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1994 Wharton graduate and Chair of Papa John’s International Inc. Jeff Smith.

Leading Diversity@Wharton hosted a panel discussion on diversity and corporate boards that drew over 100 students and community members Monday evening. 

Titled “What can corporate boards really do about diversity?” the event featured 1994 Wharton graduate Jeff Smith, chair of Papa John’s International Inc; and Janet Foutty, chair of the board of Deloitte. Both panelists emphasized the importance of having diversity at all levels of a company, including the boardroom, and said this can benefit both society and the company itself. 

The event follows recent controversy surrounding Papa John's after founder John Schnatter used a racial slur on a conference call in May and resigned as the company's chairman in July. During the event, Smith described the scandal and explained what the company is doing to create a more diverse culture. He said retired basketball player Shaquille O’Neal recently joined the board of Papa John’s, where his "eye-opening insights" and "different views on pricing and marketing" add great value to board meetings. 

“We are trying to change a company culture that was far from ideal and make it into the ideal,” Smith said.

Both Smith and Foutty said companies are now trying to prioritize diversity in the boardroom, not only because it is a social good, but because it circles around to benefit the company as a whole. However, Foutty was cautious about placing mandatory diversity requirements on corporate boards. 

“Boards have to be incredibly sensitive and aware of not falling into the tokenism trap,” she said.

Smith said one path for effective change involves shareholders sending letters to boards of companies demanding more diversity. Since board members are directly accountable to shareholders, this often leads to quick action.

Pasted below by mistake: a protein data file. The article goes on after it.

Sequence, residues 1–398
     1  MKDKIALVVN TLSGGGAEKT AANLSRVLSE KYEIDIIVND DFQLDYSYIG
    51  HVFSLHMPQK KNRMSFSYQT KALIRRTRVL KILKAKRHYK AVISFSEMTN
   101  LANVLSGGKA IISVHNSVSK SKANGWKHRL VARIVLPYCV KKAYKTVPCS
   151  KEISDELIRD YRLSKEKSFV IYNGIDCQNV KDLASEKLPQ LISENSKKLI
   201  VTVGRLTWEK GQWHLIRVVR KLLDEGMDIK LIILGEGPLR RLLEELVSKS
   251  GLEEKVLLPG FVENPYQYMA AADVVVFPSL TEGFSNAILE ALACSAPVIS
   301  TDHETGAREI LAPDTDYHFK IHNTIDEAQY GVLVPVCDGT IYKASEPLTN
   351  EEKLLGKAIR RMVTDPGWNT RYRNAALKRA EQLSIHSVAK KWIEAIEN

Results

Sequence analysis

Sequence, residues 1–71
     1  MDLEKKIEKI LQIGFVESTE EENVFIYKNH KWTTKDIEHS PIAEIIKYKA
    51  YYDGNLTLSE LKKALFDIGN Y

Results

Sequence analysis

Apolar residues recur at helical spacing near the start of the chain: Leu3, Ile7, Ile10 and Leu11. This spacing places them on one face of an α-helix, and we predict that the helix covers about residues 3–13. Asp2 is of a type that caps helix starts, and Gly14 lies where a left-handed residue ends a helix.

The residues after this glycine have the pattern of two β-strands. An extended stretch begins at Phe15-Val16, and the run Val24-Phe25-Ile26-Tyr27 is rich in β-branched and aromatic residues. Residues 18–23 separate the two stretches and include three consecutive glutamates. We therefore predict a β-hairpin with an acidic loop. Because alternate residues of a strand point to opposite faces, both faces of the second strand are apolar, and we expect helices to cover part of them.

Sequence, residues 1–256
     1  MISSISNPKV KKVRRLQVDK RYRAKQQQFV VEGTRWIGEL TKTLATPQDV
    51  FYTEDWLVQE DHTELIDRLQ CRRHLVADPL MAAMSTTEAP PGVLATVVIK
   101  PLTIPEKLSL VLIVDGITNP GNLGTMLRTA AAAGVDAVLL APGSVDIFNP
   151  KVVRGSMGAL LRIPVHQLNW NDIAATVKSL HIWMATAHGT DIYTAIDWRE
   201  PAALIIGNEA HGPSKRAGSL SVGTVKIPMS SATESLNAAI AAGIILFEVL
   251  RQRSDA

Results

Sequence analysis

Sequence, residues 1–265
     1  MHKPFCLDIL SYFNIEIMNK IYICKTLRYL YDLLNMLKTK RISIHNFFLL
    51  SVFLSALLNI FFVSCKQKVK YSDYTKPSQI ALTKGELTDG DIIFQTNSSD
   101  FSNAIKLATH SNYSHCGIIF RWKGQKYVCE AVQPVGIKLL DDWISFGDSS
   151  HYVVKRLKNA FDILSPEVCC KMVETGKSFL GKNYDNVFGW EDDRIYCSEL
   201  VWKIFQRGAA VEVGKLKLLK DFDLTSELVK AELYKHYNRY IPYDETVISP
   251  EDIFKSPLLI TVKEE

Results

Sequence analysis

“It took too long to start, but it is happening, and it’s not going to stop,” Smith said. 

Foutty emphasized the importance of learning more about the governance of a company before joining it, particularly the diversity and role of the board. Smith agreed that looking at a company's social mission is important. 

“How many of you care about the social purpose of the company you are working for?” he asked the crowd.

When most attendees raised their hands, Smith said the number of people in his class at Wharton who would have raised their hands would have been significantly lower. The speakers agreed that diversity in the workforce is accelerating because of how much Generation Z values it. 

The panel was organized by Management professor Stephanie Creary, who studies diversity and identity. When introducing the speakers, Creary said she invited Smith and Foutty to speak because of their experience with diversity in leadership. Along with being the chairs of boards, Smith is CEO of Starboard Value LP, and Foutty is an advocate for women in technology.

Undergraduate and MBA students in Creary's course, "Leading Diversity in Organizations," attended the panel as part of their class. College and Wharton junior Becca Bean, a student in Creary's class and and founder of Wharton's Diversity and Inclusion Strategic Consulting club, said Creary encourages learning and discussion. 

“She emphasizes that people come into this topic with different levels of expertise on it and makes it an open environment for those who may not have a mainstream opinion,” Bean said.

Wharton senior Tolu Adebayo, who is also in Creary's class, said she found the event applicable to her own future. 

“I loved that I was able to have some take-aways that I can use in my post-grad life," Adebayo said." I loved what Janet said about how I can get involved with a not-for-profit like Him for Her, that helps with board diversity.”